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30 years after Alex Haley's Roots, Juffureh is still a travel destination
It's been 30 years since Alex Haley's Roots became a cultural touchstone in the United States. For those of you too young to remember, this book chronicles the life of Haley's ancestor Kunta Kenteh who was captured in The Gambia and sold into slavery. The book was a blockbuster and the TV miniseries made LaVar Burton a known actor. Nowadays, many know Burton as Lt. Geordi LaForge from the Star Trek TV series and Roots has moved out of the radar of popular culture.
The recent NPR story about the 30th year anniversary got me thinking about Juffureh, the Gambian town where Kunta Kinteh lived. When Roots came out, Juffureh was put on the map as a tourist place to visit. Haley's distant relatives spoke to those who came to this small village for a look-see in combination with a visit to nearby James Island where Africans were herded onto ships for the grim journey across the Atlantic.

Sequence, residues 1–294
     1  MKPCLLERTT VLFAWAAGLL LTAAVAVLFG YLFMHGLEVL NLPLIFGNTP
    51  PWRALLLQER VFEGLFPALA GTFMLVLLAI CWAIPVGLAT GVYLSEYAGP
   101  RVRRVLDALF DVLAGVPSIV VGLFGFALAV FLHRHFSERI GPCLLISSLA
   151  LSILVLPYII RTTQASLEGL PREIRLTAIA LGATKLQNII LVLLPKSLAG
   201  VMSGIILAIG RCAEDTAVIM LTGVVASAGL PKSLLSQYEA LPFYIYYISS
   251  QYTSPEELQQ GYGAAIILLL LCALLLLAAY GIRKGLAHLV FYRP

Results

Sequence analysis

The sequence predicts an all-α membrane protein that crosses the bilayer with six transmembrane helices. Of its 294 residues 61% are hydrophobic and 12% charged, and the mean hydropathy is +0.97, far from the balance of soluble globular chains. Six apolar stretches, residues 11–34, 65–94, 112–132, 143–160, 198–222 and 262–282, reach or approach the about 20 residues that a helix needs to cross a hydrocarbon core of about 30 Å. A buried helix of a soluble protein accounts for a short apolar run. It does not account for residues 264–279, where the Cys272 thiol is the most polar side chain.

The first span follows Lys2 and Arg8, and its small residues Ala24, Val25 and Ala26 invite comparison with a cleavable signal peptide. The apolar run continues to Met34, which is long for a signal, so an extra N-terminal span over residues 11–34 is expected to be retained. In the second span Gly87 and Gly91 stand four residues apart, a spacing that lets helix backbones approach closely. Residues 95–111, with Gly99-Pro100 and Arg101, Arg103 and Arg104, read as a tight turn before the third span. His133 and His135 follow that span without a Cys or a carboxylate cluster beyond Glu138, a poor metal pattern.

Several years after Roots influenced American consciousness, I headed to The Gambia myself as a Peace Corps Volunteer. I never made it to Juffreh for whatever reason, probably because, on free weekends, I visited volunteers who were posted in other towns. Juffureh, however is still a tourist destination. Gambia Tours and Travel Ltd. offers a day trip to Juffureh where visitors travel up the Gambia River for the tour that looks like something I would really like to take. Haley's relatives still talk with visitors. It would be interesting to see how the last 30 years have impacted them.
I have been to Goree Island off the coast of Dakar, Senegal which was also a large slave trading port. Goree Island is a stunning contrast to what humans can do-lovely architecture with a Portuguese influence on one hand-- and utter cruelty and devastation on the other. What I like about these tours is that they show both.